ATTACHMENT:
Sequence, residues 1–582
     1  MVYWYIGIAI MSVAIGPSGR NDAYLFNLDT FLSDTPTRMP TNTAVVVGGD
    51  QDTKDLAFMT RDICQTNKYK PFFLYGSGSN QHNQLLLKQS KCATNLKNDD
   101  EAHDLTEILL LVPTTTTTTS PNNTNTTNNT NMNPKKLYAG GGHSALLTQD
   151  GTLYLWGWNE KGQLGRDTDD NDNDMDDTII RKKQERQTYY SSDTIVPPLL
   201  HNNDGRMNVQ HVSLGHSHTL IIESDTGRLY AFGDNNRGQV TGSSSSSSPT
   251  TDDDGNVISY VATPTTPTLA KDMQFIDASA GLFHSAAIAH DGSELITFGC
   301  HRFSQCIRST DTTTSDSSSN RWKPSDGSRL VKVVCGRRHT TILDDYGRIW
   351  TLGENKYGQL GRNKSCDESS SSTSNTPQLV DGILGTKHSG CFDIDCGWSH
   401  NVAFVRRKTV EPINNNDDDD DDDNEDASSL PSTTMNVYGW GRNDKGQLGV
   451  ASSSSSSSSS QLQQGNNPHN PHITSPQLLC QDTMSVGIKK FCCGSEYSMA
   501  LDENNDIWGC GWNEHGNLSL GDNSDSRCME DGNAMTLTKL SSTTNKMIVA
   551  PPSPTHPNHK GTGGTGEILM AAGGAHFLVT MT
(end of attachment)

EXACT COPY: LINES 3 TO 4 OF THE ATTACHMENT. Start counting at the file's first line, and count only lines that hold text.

    51  QDTKDLAFMT RDICQTNKYK PFFLYGSGSN QHNQLLLKQS KCATNLKNDD
   101  EAHDLTEILL LVPTTTTTTS PNNTNTTNNT NMNPKKLYAG GGHSALLTQD